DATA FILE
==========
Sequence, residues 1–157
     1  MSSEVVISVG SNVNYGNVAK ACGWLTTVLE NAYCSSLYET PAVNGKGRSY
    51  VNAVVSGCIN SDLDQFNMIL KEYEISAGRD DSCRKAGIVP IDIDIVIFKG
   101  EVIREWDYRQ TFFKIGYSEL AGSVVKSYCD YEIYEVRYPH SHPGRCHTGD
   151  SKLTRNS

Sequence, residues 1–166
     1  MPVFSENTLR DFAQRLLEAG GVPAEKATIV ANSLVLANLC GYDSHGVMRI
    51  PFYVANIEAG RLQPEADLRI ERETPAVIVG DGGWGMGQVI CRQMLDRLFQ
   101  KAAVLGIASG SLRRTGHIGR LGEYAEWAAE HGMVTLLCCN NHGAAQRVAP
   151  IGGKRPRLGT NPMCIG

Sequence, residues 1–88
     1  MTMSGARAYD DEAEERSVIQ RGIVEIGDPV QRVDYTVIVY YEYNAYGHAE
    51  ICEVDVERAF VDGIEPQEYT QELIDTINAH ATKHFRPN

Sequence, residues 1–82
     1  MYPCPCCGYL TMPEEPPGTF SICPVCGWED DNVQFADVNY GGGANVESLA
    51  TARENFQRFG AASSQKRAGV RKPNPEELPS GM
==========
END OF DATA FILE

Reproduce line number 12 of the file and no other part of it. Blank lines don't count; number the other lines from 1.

     1  MTMSGARAYD DEAEERSVIQ RGIVEIGDPV QRVDYTVIVY YEYNAYGHAE